Friday, October 5, 2012
After last year’s miscarriage, we had used all of our frozen embryos and decided that we wanted to go with a new doctor, if we even chose to continue on in this pursuit. There was one doctor whose name kept coming up, so we decided to pay him a visit for a consult.
We met with Dr. Goldfarb in May or June of 2011. I had gotten all my records from my previous doctor and shared those with Dr. Goldfarb. One of the first things he did was order bloodwork. The results showed that I had elevated blood sugar, or the beginning of Type 2 Diabetes. He told me that before he felt comfortable moving forward I would need to bring down my blood sugar and lose some weight.
I was discouraged because right after the miscarriage, all I wanted to do was get pregnant again right away. I mean, my body had done it once, surely this was a good sign. I felt like if we didn’t build on that momentum right away, we’d be screwed.
Also, I was at this point, already 34. That may not sound old, but I remember when we first started down the IVF path and went to a mandatory information session, we were told over and over, AD NAUSEUM, that 35 is the fertility drop off date. Basically if a woman doesn’t have children, or at least her eggs harvested and frozen, by the age of 35, well it became a pretty hopeless situation. When we started this I was 27. Everyone told me how young I was and how much time I had as reasons why I shouldn’t worry.
Well the miscarriage happened 3 days after my 34th birthday. Suddenly time was really not on my side any more. Hence the desperation to move forward as quickly as possible.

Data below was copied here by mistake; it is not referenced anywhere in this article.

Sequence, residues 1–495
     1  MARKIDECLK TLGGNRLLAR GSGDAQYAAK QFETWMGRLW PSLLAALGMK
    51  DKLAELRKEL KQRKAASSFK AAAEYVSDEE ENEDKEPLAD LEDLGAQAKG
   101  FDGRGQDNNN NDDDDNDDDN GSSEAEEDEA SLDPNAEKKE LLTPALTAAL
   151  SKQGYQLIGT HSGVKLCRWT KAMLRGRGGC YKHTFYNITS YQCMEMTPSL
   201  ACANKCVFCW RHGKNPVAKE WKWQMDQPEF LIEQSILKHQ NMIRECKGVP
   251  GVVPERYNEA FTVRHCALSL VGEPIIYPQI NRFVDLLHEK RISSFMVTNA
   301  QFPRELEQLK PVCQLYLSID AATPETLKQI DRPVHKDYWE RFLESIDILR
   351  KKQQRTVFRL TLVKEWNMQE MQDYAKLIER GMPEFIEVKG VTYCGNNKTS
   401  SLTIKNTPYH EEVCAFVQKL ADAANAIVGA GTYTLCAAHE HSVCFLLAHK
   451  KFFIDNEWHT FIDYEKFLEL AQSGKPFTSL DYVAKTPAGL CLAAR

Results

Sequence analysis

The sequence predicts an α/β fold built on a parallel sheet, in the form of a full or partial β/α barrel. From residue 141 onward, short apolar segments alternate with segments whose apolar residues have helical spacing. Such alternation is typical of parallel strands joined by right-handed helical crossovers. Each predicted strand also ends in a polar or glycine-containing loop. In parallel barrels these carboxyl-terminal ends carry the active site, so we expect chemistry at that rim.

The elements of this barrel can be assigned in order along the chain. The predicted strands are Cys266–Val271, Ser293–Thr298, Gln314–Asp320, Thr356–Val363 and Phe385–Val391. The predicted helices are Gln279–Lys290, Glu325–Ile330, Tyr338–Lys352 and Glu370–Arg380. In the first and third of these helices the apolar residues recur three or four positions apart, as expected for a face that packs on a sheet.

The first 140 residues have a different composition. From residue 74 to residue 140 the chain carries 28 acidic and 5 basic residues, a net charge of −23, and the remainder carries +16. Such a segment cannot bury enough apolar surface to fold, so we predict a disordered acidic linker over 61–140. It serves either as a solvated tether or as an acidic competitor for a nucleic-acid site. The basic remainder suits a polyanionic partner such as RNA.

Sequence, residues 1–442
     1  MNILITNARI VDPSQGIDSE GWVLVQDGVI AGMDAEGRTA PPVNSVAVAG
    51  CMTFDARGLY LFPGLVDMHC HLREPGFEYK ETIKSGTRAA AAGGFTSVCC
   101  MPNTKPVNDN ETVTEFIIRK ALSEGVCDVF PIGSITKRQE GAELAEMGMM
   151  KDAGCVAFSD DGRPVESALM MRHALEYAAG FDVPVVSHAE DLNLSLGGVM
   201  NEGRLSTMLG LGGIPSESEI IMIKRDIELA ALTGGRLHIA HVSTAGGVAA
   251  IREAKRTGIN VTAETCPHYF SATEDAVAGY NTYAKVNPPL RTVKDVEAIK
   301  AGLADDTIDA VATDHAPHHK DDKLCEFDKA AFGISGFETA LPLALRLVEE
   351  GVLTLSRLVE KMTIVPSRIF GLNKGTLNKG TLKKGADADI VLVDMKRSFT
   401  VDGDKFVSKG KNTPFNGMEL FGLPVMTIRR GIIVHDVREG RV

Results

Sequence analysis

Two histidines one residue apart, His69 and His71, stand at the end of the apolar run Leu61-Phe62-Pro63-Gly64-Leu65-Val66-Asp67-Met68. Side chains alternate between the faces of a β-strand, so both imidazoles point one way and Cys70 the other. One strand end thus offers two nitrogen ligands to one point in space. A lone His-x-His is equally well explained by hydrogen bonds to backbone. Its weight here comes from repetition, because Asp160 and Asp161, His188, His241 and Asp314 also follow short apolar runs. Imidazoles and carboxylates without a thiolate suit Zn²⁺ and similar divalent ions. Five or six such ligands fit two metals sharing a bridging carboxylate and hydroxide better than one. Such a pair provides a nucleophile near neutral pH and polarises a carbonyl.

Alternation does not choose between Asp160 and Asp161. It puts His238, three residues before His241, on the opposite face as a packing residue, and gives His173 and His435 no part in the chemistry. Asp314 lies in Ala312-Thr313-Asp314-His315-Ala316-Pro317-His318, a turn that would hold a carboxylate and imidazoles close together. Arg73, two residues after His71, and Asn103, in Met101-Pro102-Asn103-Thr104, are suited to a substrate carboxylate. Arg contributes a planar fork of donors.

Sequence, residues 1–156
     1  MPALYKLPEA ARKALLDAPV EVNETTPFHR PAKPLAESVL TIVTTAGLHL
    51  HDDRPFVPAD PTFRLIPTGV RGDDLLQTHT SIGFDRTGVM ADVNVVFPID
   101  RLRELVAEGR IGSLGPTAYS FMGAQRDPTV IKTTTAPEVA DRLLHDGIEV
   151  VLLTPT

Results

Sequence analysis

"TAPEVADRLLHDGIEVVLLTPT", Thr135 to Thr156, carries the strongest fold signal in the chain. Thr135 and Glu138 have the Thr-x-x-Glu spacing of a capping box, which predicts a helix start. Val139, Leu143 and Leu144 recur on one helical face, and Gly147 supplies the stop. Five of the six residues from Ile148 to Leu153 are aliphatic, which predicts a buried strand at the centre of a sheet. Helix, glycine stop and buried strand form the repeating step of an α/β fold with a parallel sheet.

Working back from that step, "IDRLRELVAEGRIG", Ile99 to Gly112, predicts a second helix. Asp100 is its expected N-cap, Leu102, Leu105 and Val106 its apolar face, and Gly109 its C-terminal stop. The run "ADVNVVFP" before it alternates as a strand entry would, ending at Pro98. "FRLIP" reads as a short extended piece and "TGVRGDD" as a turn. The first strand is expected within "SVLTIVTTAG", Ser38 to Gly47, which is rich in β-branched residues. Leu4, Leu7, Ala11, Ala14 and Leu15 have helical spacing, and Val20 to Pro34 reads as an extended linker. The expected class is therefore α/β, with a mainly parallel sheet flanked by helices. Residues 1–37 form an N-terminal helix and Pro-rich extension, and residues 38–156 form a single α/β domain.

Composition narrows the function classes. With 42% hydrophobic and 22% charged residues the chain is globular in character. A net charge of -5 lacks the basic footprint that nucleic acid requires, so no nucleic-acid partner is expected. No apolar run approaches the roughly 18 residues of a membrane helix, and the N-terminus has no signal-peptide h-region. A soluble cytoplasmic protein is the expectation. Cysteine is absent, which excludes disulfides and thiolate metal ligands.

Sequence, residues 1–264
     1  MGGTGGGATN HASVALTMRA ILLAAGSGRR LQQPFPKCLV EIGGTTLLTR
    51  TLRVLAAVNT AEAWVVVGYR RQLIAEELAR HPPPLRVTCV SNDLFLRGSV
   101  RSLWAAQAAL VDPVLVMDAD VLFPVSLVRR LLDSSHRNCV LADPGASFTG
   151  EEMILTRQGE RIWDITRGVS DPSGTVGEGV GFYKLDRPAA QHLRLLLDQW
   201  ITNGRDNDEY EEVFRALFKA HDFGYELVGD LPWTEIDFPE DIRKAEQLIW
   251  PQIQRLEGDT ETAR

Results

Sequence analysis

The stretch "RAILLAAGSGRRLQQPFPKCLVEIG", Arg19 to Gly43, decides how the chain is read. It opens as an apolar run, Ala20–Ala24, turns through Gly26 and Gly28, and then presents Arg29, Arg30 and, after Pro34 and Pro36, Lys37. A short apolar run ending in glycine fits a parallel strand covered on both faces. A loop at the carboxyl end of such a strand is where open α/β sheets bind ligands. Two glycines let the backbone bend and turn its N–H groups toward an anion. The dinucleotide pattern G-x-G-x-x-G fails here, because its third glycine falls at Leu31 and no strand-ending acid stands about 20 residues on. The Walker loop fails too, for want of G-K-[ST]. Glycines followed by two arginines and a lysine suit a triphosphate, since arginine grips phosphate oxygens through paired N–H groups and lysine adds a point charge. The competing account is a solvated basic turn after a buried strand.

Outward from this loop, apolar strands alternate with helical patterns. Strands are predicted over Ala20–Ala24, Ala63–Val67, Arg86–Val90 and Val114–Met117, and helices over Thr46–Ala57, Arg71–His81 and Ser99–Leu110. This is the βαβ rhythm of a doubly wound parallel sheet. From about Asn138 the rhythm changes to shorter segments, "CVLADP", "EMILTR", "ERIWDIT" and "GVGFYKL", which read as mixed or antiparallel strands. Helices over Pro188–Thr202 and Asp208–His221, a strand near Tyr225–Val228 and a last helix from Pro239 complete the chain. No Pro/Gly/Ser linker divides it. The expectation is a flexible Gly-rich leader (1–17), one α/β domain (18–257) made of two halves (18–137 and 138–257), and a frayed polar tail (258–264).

In hindsight it was probably a good thing that we were forced to wait. There is no way that I was mentally and emotionally prepared to go through the whole experience again. I hadn’t even finished properly mourning the child (and yes, I thought of it as my child) yet.
I set about working on reducing my sugar levels. I had some early success and then some setbacks.
Aside from the sugar situation, we needed to come up with $12,000 to do a fresh cycle. The husband and I work hard, but can’t exactly come up with $12k overnight.
In June of 2012 I called Dr. Goldfarb and informed him that my A1C Haemoglobin had come down from 7.4 to 6.8 (he wanted it at a 6.5). I told him that although it wasn’t quite as low as he wanted it, I was committed to continuing my efforts but that I still wanted to start the IVF process ASAP.
He made me go see a maternal fetal medicine specialist. On July 12, she told me that she was recommending not moving forward until my A1C came down to 6.0. I left her office feeling like I had been punched in the gut. Here was someone else, telling me I had to wait.
I was angry and lamented my bad luck. And then I got serious. I became super strict with my diet and started exercising. By mid-September, I had lowered my sugar to 6.1 and had lost 26 pounds.
So, my sugar was finally where it needed to be. I was feeling better physically. But there was still the pesky little problem of needing that $12k.
I knew that by the end of October we would have $7k but that still left us $5k short. So I swallowed my pride and last Wednesday, October 3, called my mother and asked her if she could loan us the $5k for a little while so we could go ahead and get started and not have to wait any more She very chalantly told me that that was fine. My mother is not typically nonchalant about money, never mind that kind of sum. I thanked her and got off the phone feeling grateful.
That afternoon when I fetched our mail, there was an envelope addressed to us, from my grandmother. My grandmother does not speak English and so she certainly does not send us mail. Curious, I opened the envelope and found a certified check for $5k.
I was overwhelmed. My family has always been generous and giving but this was the exact amount we needed and getting it meant that there was nothing standing in our way.
On Thursday I called Dr. Goldfarb to let him know I was ready to officially begin a cycle.